Drew Sorrell is a seasoned business lawyer with particular expertise in technology, cybersecurity and privacy issues. With an MBA in marketing and finance, he approaches clients’ legal issues with both a practical business bent and a self-described geeky love of technology.

Drew enjoys working with CLO’s, CIO’s, CTO’s and technology owners at businesses of all sizes in every phase of their legal needs. He assists them on the front end, drafting and negotiating software licenses, Internet service provider agreements, data privacy/breach policies and procedures, and employment/services agreements as well as the indemnity and insurance coverage related to those agreements. He advises clients on the GDPR and state-specific regulations, penetration testing and security audits. He also has years of experience handling matters when things go wrong, including data breaches, privacy issues and other technology or software problems.

A founding member of the Sedona Conference Group 11 (Privacy/Data Security), Drew is frequently asked to speak and write on legal and ethical issues arising from technology, including unfair and deceptive trade practices, data breach, privacy, data governance, and technology contract drafting. He is chair of the firm’s multi-disciplinary Data Governance Group as well as the past chair of the Orange County Bar Association’s Intellectual Property, Business Law and Technology Committees.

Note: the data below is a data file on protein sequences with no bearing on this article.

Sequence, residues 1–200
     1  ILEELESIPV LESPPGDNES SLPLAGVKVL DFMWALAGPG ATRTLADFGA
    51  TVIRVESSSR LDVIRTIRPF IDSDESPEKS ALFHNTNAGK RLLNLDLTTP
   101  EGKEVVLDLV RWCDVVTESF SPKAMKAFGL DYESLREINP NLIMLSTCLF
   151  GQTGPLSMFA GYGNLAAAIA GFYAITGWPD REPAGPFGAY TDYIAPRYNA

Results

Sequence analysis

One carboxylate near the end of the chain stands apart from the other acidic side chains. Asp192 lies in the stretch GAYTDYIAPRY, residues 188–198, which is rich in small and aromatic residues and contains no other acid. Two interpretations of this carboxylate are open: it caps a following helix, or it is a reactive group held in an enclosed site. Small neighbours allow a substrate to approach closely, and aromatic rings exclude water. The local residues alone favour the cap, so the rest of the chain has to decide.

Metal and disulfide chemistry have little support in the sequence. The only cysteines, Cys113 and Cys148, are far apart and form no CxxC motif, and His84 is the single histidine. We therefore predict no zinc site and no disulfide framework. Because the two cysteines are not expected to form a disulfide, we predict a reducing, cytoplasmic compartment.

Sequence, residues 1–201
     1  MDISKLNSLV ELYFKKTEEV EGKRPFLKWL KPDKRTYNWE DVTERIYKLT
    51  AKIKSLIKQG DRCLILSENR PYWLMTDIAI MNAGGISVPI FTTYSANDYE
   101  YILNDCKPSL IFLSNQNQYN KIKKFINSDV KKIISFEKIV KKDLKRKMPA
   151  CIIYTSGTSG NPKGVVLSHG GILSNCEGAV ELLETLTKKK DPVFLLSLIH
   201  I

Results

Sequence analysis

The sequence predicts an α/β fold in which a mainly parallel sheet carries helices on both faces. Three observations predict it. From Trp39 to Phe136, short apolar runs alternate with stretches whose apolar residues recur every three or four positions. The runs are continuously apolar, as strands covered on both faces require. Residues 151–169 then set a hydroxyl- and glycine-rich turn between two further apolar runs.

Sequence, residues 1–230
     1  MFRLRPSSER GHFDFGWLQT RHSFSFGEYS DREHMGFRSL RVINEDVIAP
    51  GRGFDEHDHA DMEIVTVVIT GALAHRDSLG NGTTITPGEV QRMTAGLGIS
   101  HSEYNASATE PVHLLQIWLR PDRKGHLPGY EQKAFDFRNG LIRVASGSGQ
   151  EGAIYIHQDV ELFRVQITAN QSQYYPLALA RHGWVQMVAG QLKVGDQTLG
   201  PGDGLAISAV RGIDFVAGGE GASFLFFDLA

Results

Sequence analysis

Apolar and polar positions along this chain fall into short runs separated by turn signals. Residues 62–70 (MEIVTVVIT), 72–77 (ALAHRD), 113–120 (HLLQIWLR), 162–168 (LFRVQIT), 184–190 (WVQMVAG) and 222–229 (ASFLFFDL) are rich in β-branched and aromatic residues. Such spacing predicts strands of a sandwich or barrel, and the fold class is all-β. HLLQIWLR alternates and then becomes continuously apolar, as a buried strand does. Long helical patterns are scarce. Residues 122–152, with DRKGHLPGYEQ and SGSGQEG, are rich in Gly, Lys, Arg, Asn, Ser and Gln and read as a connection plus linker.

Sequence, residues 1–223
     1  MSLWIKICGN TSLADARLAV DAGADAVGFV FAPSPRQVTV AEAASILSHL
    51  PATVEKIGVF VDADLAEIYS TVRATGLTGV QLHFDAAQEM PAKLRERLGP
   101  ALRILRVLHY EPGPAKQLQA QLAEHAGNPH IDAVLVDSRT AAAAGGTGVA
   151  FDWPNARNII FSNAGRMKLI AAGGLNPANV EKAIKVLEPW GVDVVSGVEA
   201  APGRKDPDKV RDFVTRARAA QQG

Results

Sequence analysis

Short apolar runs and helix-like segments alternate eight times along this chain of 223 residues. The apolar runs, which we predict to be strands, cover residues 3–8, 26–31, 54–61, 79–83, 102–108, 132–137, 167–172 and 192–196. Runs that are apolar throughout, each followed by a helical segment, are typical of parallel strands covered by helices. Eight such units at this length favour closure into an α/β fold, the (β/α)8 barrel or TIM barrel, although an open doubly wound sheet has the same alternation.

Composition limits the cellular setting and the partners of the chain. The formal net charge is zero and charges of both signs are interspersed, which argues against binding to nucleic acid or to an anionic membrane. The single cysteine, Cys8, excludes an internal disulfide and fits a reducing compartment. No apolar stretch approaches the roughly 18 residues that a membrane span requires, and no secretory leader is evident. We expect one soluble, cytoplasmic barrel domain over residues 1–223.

Outside the technology arena, Drew has substantial expertise in both contracts and commercial litigation. In addition, he has experience assisting clients with government contracting. Drew began his legal career as a judicial clerk to Senior United States District Judge John H. Moore II, in Jacksonville, Florida, and then practiced with an AmLaw top 10 firm in Manhattan. After a stint as an assistant county attorney responsible for day-to-day legal advice and litigating civil issues for the county, Drew returned to Lowndes. Drew is admitted to practice in Florida, New York and the District of Columbia.

Born in Florida, Drew roots for his adopted football team—the FSU Seminoles (because neither Rollins nor George Washington has a football team). He is a proud father of two sons who play basketball and soccer, make great grades and generally keep him on his toes.